Dog owners can be hit with a fine of up to £20,000 for breaking ownership rules - and there are more than 20 specific regulations.

Rules for owners are included in legislation on animal welfare, with fines reaching up to £20k if pet owners fall foul of them.

The rules range from controlling barking to keeping your pet healthy and happy - and they cover everywhere from your own home to private property and public spots, reports Chronicle Live.

There are also rules on taking your dog on a road trip as well as laws on identification, laws around lost and found or stray dogs and laws around breeding dogs then going on to sell them.

In addition, there are rules on dog kennels and boarding which should be followed.

New legislation could soon be introduced which will bring in tough new penalties for people who steal dogs.

Animal welfare

Under section nine of the Animal Welfare Act 2006, dogs must be kept in suitable environments and eat suitable diets.

They must also be protected from pain, suffering, injury and disease.

Owners can be taken to court if they don’t look after their pets properly and face a prison sentence of up to 51 weeks, and a fine of up to £20,000.

The legislation also shows electric collars are banned, and tail docking is illegal. Ear cropping is also illegal.

Home, somebody else's property, barking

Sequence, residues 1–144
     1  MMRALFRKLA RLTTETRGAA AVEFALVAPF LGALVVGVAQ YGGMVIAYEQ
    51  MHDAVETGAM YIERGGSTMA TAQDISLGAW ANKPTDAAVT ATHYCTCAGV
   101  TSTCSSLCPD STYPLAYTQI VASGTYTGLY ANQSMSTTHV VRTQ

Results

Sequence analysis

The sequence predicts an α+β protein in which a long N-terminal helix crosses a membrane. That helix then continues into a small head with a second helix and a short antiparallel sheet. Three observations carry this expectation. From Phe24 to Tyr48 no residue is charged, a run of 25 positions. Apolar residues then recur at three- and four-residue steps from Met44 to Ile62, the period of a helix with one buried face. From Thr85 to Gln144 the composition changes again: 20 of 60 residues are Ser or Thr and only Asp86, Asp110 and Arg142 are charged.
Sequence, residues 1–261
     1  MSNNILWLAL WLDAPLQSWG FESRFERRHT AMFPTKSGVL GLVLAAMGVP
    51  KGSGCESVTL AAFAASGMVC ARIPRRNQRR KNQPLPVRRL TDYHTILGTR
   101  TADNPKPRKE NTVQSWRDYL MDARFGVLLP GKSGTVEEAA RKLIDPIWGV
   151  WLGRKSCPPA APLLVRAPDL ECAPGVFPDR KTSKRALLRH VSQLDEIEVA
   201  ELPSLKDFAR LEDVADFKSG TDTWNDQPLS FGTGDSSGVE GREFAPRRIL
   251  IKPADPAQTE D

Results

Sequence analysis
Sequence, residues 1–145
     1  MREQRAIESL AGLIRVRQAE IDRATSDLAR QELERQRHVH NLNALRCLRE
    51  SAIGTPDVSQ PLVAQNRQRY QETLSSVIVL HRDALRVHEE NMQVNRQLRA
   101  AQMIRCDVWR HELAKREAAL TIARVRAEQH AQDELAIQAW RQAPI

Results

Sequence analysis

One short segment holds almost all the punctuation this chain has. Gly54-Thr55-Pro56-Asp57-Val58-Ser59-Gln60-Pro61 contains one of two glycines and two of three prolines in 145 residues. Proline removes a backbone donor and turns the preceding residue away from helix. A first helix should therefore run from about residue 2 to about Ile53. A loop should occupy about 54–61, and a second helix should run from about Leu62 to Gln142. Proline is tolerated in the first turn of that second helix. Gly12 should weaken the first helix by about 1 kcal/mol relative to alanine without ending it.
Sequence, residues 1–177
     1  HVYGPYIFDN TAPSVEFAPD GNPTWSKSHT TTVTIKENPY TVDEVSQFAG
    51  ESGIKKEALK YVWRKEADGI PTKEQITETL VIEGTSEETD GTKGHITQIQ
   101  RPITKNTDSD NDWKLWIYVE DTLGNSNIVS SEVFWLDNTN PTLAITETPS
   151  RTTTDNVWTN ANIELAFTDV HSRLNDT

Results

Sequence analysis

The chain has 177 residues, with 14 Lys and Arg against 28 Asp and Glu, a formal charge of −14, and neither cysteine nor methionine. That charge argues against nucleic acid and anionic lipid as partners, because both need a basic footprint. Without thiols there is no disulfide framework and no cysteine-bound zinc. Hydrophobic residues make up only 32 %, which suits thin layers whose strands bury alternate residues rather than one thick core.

Allowing dogs to be out of control is illegal - whether it be in your own home or another property.

Owners can be prosecuted if their dog attacks someone in their home, including in their front and back gardens, or in private property, such as a pub.

And there are rules around barking, too. If a dog barks because they have been left home alone for too long, or want attention, it could be an offence.

Your local authority’s environmental health department can formally ask you to stop your dog from continuing the behaviour and, if you don’t, they can take your dog away from you.

Public

There are rules around dog mess, and not cleaning it up, with fines ranging anywhere from £100 to £1,000 depending on severity and local authority.

There is no blanket law requiring dogs to be kept on a lead in all public spaces.

But there are different orders you must follow based on council rules - including to keep dogs on leads around things like kids' parks.

If a dog is out of control in a public area, owners face £5k fines.

If a dog attacks livestock, dog owners can face £1k fines.

Farmers can also execute animals they think are harming their livestock.

The rules also offer regulations on collaring, tagging and microchipping.

Illegal types of dogs

Some types of dog are illegal to own, breed, sell, abandon or give away. The four banned types are:

Dog breeding

There are strict dog breeding laws and rules around selling and buying which must be followed.

In both England and Wales, it's illegal to sell a puppy under the age of eight weeks.

It's also against the law to sell pets in the street, in pet shops, at markets or in public places.

Dog walking

Local authorities can occasionally require dog walking businesses to be licensed - but this is at their discretion.

There are also strict rules around day care, requiring firms to be licensed, and home boarding.

Home dog boarders need a licence if they aim to make a profit, or if they earn any commission or fee.

Don't miss the latest news from around Scotland and beyond - Sign up to our daily newsletter here.